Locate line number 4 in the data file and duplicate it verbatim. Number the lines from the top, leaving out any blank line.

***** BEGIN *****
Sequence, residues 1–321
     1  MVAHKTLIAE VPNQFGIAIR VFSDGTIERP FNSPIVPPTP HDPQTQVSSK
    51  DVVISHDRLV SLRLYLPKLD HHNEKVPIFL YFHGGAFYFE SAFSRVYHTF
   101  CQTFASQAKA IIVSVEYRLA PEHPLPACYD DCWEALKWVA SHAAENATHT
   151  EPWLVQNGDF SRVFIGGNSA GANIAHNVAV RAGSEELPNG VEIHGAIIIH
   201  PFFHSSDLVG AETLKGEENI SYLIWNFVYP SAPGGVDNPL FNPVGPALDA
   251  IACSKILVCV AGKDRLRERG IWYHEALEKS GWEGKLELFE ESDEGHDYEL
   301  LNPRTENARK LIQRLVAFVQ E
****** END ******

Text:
   101  CQTFASQAKA IIVSVEYRLA PEHPLPACYD DCWEALKWVA SHAAENATHT